Avoiding Misplaced Modifiers
A misplaced modifier is a word, phrase, or clause that is improperly separated from the word it modifies or describes. Sentences with this error sound awkward, confusing, and ridiculous. Look at the examples below to see how to fix these confounding sentence errors.
Opening the creaking door and crossing the threshold, the first two steps produces the squeaking cried from the worn, wooden floors which strains to hold the weight.
Continuing down the hallway, a familiar but intrusive scent invades the nostrils.
Walking further on the moaning floor, drops of water escape from a defective water-pipe.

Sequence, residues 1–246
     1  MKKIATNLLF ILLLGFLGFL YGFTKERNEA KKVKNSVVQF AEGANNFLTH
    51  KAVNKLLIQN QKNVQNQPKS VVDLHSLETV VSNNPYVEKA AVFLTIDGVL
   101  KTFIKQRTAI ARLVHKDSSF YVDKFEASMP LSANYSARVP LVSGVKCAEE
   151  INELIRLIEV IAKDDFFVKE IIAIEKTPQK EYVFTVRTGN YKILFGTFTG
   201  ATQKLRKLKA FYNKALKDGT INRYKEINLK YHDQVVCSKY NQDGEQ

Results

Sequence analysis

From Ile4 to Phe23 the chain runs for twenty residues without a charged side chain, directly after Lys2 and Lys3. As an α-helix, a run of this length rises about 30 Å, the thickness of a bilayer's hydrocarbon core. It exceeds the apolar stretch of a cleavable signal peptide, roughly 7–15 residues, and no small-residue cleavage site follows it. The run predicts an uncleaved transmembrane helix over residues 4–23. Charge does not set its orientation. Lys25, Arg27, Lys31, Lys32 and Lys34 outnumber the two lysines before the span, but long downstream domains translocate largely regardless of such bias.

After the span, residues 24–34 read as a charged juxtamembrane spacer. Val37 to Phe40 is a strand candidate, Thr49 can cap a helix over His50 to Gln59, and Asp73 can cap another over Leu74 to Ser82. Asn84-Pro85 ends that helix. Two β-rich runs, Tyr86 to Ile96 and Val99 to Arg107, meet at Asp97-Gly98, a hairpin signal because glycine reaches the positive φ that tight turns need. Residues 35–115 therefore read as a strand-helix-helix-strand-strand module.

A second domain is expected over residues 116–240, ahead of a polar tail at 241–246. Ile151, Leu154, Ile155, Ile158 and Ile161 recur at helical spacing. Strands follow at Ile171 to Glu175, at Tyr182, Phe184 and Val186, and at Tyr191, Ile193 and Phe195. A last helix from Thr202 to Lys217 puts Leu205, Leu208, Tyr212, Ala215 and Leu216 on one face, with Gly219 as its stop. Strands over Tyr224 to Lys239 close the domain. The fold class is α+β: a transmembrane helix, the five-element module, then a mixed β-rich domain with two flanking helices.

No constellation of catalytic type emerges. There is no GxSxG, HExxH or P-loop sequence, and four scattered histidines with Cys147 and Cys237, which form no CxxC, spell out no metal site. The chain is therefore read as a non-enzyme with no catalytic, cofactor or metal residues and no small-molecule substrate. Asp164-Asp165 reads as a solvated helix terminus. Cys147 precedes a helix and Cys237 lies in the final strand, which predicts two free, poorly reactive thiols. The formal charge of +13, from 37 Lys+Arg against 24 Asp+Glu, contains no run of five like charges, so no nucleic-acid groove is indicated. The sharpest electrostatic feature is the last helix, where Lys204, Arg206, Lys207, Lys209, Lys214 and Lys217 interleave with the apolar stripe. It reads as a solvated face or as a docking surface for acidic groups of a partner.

Steps do not open doors or cross thresholds.
Scents do not continue down the hallway.
Drops of water do not walk.
Opening the creaking door and crossing the threshold, the soldier steps down two, wooden steps, which squeak and cry as if they are straining from carrying a heavy load.
Past the door and threshold, two wooden steps creak from the weight of soldiers’ boots.
As the soldier walks down the hallway, an intrusive scent invades his nostrils.
A strong, intrusive scent permeates the hallway.
From a defective water pipe hidden above a stain on the ceiling, drops of water drip onto the spongy floor.